A Bunch of Evening Events and A Hill of Beans

Monday: STC
I’ve already been to the offices of ActiveState half a dozen times. The Ruby on Rails, VanTech and other groups meet there, and it’s a great location – centrally situated on Granville street, a block away from the Skytrain station downtown. It takes all of 15 or 20 minutes to get there, depending on how long I wait for the bus. So tonight, Pam and I both attended a meeting there, this time a joint one for STC (which Pam is already very active in) and a group I had not heard of yet, the HTCE (Hi-Tech Communicators’ Exchange). The meeting topic was ‘Online Influence: What Blogs Mean to Your Business’ and was given by Susannah Gardner of Hopstudios . She gave a great talk about Blogging for Business and how to use this new communications medium as a business for marketing, customer engagement and other stuff that blogs do so well, if you are willing to give up a little control. Most memorable quote of the evening from Susie (as I think she’s known around here): “I was in Singapore, and they asked me what government ministry was in charge of blogging.” Yikes.

Wednesday: The Vancouver Art Gallery

We took advantage of a free entry to the Picasso exhibit at the VAG (sorry if this page shows as a big blank. It seems to be broken at the time I’m writing this.) as part of an evening sponsored by several Travel Agencies, who showed up with mountains of travel brochure. It was jammed with people, who lined up for food and wine (bad BC Vinegary stuff, I’m afraid). We had a brief taste and then went straight to the exhibit.

The exhibit was pretty good – mostly drawings, particularly from the 20s and 30s. It’s always amazing how large Picasso’s output was; he must have cranked out these drawings at 3 or 4 a day, and some are quite intricate. Some nice studies for Guernica, as well as many pieces that reminded us of work we’d seen at the Picasso Museum in Antibes this summer.

We did stay for one presentation, an older couple where were advertising their Culinary ‘tour’ of Spain. They had an old mill in Malaga that was converted for tourists to come stay and learn Spanish cuisine as well as painting. After a few minutes, it was pretty clear that this was not for us. The English couple were very sweet but also very flakey. They claimed that someone had made off with their presentation DVD, so they showed another, which was a slideshow of the inn. They bragged about how old the place was. I’m sure that it was probably a very pretty place, but supremely uncomfortable, and the English like both of those things, particularly when they occur simultaneously. Anyway, we know for sure what culinary tour we won’t be taking.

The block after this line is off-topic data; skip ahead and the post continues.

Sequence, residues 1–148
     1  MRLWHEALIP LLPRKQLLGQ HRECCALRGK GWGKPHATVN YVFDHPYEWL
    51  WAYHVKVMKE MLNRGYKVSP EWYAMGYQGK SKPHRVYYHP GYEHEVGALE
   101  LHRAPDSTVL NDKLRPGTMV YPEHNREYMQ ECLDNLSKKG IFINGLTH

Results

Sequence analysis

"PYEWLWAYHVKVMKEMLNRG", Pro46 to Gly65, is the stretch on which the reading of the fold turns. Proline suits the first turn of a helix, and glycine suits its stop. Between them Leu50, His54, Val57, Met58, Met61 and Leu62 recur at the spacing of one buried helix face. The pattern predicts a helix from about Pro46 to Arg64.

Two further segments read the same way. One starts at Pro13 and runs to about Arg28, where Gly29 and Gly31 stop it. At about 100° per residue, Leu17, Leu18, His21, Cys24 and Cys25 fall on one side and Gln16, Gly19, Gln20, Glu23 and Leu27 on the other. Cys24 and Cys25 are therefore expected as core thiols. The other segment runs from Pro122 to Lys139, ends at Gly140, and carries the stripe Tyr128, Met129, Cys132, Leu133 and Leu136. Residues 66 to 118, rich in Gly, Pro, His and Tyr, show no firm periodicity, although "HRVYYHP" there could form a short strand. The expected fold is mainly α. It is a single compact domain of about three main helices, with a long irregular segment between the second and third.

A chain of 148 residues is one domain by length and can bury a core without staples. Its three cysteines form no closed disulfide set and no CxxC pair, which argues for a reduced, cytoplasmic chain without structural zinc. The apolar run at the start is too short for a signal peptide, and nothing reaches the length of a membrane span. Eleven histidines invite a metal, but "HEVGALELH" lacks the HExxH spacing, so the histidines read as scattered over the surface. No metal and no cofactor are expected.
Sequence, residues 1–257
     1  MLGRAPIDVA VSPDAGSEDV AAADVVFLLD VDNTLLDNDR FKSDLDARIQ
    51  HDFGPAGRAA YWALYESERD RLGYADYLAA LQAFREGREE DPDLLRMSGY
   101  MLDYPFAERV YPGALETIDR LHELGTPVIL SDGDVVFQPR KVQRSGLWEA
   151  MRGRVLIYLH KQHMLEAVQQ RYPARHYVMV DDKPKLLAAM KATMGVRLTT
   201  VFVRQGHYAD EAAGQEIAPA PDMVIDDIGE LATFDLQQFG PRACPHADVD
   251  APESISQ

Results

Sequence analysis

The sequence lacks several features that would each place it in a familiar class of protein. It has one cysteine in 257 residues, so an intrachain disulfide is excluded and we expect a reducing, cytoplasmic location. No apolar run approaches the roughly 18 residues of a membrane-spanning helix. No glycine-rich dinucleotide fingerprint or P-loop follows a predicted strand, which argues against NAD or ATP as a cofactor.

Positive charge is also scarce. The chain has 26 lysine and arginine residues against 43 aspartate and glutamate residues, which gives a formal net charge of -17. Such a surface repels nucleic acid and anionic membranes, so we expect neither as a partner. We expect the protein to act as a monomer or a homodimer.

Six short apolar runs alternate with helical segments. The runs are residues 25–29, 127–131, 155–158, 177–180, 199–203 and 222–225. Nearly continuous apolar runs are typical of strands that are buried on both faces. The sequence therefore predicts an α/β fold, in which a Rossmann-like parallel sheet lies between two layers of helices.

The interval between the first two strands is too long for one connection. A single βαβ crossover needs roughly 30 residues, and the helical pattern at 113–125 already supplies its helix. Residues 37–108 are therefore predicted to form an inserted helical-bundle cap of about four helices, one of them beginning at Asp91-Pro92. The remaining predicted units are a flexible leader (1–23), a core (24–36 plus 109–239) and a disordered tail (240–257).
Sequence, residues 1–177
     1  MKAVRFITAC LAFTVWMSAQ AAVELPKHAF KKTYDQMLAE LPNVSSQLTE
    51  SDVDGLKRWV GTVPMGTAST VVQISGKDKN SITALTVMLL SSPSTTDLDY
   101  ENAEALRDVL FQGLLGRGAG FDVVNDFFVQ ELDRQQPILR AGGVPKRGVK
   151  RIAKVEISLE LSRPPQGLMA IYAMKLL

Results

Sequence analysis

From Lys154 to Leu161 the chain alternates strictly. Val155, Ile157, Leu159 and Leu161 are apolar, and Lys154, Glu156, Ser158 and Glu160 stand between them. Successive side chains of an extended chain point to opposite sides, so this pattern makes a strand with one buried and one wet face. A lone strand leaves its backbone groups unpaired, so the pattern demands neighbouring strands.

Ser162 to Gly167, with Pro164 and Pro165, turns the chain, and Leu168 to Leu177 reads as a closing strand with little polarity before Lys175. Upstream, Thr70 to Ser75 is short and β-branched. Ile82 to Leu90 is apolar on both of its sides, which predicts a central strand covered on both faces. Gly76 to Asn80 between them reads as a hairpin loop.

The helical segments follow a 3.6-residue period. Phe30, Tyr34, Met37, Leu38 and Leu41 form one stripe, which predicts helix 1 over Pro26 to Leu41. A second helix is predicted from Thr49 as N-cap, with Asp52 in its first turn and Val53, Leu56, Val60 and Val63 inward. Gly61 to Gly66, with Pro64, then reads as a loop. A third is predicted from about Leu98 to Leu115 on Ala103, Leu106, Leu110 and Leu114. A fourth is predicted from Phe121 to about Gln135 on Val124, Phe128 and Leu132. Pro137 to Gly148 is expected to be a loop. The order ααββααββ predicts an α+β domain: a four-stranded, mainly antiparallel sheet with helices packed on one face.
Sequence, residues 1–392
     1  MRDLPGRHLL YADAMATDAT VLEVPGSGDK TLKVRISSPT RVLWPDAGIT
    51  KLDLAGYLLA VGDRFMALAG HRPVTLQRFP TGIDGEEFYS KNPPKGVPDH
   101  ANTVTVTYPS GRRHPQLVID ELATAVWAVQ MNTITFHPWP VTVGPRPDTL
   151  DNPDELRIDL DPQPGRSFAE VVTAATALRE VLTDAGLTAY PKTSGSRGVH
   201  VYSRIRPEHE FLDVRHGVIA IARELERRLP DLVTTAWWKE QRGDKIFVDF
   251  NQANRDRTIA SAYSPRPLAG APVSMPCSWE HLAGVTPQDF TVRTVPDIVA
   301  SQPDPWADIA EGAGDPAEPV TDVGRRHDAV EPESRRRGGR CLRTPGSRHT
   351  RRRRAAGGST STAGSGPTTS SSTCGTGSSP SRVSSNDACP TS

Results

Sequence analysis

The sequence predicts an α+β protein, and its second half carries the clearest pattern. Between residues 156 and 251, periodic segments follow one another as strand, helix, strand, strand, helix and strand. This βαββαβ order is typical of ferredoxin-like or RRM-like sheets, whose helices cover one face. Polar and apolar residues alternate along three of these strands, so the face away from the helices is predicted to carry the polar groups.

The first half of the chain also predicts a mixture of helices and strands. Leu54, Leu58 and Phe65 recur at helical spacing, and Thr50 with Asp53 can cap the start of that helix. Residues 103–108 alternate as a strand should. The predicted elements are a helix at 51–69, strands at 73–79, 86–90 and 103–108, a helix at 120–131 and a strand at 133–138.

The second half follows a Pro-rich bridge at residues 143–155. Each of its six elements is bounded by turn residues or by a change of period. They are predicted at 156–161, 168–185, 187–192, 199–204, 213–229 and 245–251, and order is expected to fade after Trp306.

Tonight: The Vancouver Blogger Meetup
I suspect that this will be the last time this takes place at Steamworks. It’s centrally located, but kind of expensive, and you really are partly paying for the pretty view (the Burrard Inlet, with ships, Seabus, Seaplanes landing and taking off, etc.), which we never see because we’re there at night and downstairs in the basement of the brewery. It’s all also kind of noisy. Even Heather and Jamie (filmgoerjuan) say they’re not coming because neither of them like the venue. So, the next venue will require a vote, or at least an agreement by some of the people. Hopefully, things will revive after the move, as these meetups seem to be getting a little less attendance each month.

The Cassoulet is Here!
About a month ago we signed up with the sausage vendor at Granville Public Market for some Cassoulet as part of their annual festival of this dish. As Wikipedia says:

Cassoulet is a rich slow-cooked bean stew or casserole originating in the southwest of France, containing meat (typically pork sausages, mutton, or goose), and white haricot beans.
Numerous regional variations exist, the most notable being from Castelnaudary, the self-proclaimed “Capital of Cassoulet,” where the casserole contains only beans, pork and the local sausages, from Carcassonne, or from Toulouse, where, if it is not cooked with spicy Toulouse sausage and confit d’oie, it is not a traditional cassoulet Toulousain.

All the recipes I’ve seen for Cassoulet seem to be multi-day affairs involving lots of difficult-to-get ingredients if you’re not on a French Farm and have a wood-fired oven. I remember having it when I visited my Grandparents and I dragged them (my Grandfather in particular) to a French Restaurant in Philadelphia called The Garden (which appears to be long-gone, sadly). I distinctly remember the meaty and rich-tasting bean casserole and have not had it many times in the intervening years. The difficulty of preparing the dish, along with the rise of lighter French fare has seen a decline of Cassoulet on menus outside of Languedoc.
So we picked up our Cassoulet today (we were number 13 on the list, bien sur), along with some Duck confit and Duck sausage that goes on top of it when serving. Fortunately, my parents brought some red wine and good French bread is nearby, so we are all set for a great high-class bean feast.